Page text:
Latham made 30 key recommendations in his report, of which only one – adjudication pursuant to the Housing Grants Construction Regeneration Act 1996 – has been implemented. This suggests that the CIB failed to fulfil its mission of reforming construction legislation, and also raises the question of what happened to the remainder of the Latham report.
Latham's other recommendations covered a wide range of issues from tendering to trust funds. Looking at Latham's recommendations in relation to liability law and latent defects, it becomes obvious that the passage of time has done nothing to change the working practices and adversarial relationships in the industry – the things that Latham considered were causing poor performance and needed to be changed to improve productivity and competition.
Joint and several liability
Latham recommended that joint and several liability be replaced by proportionate liability. Indeed, a CIB working group examined and developed the whole package presented by the Latham report, and there was broad industry support for the reforms it proposed.
Despite these efforts, in January 1999, after a review of the Law Commission's Feasibility Investigation of Joint and Several Liability, the then secretary of state for trade and industry Peter Mandelson, decided that "no sufficient basis had been identified … for a fundamental review of the law affecting professional liability".
This view was unsurprisingly endorsed by the British Property Federation, which would only contemplate the abolition of joint and several liability in conjunction with a wider package of reform in the construction sector.
In the absence of reform in this area, consultants, contractors and certain professional indemnity insurers have continued to insist upon the inclusion of net contribution clauses. This is an attempt to contractually provide for proportionate liability, on the grounds that it is the client that should take the insolvency risk in respect of members of the construction team. Clients continue to resist this, and until such time as the courts decide upon the effectiveness of these clauses, lawyers will continue to argue over whether such clauses should be included.
Latent defect insurance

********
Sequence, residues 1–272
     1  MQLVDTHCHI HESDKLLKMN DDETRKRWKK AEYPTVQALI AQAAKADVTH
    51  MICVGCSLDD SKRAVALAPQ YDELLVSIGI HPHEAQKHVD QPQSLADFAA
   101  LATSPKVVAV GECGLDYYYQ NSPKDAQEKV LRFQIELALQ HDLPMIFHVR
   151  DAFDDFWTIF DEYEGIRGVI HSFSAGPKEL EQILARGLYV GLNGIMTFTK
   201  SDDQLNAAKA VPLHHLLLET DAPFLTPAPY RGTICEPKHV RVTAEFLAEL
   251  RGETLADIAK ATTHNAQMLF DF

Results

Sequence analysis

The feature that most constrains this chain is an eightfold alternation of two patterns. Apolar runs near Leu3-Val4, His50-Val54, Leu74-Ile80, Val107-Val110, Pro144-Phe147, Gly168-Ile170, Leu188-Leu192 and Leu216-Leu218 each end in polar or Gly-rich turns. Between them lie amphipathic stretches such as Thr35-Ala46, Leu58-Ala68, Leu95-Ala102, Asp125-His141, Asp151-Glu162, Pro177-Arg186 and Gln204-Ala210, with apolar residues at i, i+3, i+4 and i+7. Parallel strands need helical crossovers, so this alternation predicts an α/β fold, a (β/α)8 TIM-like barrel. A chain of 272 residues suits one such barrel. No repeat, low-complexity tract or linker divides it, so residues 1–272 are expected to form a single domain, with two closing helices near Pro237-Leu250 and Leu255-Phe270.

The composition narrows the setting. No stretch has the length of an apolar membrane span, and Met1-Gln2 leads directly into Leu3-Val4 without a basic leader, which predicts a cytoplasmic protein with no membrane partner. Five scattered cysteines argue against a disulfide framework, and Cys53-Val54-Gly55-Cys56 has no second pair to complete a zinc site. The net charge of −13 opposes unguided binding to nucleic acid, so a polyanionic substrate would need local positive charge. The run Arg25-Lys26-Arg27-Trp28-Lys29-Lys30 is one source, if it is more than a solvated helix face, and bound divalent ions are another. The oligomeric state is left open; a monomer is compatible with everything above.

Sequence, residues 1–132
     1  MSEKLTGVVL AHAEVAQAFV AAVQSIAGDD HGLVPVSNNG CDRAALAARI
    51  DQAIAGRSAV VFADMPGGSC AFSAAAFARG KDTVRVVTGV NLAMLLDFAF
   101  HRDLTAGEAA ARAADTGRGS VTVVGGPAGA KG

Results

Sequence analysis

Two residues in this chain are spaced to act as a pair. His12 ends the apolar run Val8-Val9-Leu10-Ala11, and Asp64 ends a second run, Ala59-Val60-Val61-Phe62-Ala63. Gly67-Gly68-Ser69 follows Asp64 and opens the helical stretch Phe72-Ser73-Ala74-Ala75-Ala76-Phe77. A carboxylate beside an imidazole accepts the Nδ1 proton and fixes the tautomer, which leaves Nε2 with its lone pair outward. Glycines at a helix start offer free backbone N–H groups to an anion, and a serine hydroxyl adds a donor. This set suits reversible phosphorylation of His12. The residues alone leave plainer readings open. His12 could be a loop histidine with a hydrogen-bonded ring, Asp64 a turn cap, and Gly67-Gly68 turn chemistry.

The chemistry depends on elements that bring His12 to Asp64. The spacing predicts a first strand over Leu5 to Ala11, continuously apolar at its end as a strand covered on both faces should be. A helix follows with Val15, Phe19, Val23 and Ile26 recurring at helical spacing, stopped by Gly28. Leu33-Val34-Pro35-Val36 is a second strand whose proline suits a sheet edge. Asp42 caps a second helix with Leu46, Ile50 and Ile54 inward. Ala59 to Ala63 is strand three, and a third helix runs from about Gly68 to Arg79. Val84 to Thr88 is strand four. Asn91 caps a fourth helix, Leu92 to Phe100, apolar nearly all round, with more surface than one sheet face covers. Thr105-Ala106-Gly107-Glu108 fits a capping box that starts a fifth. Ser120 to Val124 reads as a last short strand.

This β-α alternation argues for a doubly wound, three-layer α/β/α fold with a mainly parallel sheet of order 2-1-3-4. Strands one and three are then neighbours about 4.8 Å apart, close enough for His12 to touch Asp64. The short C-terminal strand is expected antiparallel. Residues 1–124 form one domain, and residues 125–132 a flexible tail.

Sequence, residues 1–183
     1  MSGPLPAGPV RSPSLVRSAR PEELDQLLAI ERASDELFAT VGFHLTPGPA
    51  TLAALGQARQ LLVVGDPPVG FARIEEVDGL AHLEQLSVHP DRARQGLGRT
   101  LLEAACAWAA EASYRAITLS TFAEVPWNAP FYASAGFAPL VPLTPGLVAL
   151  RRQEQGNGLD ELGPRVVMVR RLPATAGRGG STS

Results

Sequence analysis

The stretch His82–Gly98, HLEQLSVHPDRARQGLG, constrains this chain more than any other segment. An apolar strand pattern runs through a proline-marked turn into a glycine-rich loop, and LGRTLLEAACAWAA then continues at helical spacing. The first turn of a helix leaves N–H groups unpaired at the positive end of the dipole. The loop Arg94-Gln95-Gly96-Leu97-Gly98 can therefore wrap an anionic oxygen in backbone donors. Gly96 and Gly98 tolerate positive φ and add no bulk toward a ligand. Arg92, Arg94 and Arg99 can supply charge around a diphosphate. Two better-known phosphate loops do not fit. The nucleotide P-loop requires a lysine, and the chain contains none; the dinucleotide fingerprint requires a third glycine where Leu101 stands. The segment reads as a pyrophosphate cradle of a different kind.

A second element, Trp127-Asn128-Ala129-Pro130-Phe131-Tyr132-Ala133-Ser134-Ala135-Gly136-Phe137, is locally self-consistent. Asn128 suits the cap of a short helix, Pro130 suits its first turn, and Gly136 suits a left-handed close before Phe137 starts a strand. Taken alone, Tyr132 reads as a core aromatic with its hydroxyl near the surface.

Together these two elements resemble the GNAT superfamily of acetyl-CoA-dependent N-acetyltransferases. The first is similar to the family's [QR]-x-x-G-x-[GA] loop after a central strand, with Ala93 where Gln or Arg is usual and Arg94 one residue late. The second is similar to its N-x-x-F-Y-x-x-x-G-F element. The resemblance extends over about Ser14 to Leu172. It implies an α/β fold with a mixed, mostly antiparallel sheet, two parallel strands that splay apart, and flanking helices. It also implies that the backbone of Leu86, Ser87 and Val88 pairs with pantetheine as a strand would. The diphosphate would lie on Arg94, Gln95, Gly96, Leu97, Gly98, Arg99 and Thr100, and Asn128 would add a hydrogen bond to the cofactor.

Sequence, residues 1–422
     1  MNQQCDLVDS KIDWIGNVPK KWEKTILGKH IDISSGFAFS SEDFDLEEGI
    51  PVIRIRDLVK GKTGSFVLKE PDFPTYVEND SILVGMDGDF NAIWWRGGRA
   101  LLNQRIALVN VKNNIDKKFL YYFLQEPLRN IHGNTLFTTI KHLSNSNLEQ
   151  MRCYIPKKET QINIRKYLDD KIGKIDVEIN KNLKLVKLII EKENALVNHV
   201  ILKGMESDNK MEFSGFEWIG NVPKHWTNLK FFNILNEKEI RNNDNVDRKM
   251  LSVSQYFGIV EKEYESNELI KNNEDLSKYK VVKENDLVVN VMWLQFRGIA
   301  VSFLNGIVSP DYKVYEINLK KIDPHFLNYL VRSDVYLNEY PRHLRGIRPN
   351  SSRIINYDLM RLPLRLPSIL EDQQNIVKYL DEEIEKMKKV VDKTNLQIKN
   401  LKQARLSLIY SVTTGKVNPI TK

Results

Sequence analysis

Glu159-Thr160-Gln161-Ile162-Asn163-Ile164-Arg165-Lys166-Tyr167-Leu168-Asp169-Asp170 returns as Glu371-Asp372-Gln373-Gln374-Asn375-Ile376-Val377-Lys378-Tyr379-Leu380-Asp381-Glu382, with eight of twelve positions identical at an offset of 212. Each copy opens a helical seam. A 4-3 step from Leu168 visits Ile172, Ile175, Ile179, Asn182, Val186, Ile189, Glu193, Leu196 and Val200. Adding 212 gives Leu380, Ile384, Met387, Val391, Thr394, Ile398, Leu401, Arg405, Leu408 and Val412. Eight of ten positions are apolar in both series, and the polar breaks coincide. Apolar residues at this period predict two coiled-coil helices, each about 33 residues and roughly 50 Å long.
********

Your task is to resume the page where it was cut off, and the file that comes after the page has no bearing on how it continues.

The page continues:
Latham recommended that legislation should provide for compulsory latent defect insurance for 10 years from practical completion for all future new commercial developments.
Although Latham advocated the introduction of a system comparable to that operated in France, clients have not embraced the concept of compulsory latent defect insurance. This is partly because the insurance market does not offer comprehensive policies – particularly in relation to M&E works – and partly on the grounds of cost. The British Property Federation and the Association of British Insurers have been working together to promote a broader range of latent defect insurance policies for clients, but both are opposed to the introduction of a compulsory regime as recommended by Latham. However, unless such insurance is made compulsory, clients are likely to continue to rely upon contractors' balance sheets, as they remain a more attractive (and cheaper) alternative.
In the place of the CIB we now have Egan's strategic forum. But it is questionable whether the forum will have on its agenda the implementation of the Latham report. As a result, the problems Latham identified in the industry persist and the potential for disputes in relation to construction contracts – one of the areas Latham was most keen to see improved – is as strong as ever. However, the burden of resolving such disputes has to a certain extent been shifted away from the courts to adjudicators. This is arguably the significant success story of the Constructing the Team and the CIB's work over the past six years.
Christopher Hill is managing partner of solicitor Norton Rose's construction and engineering group.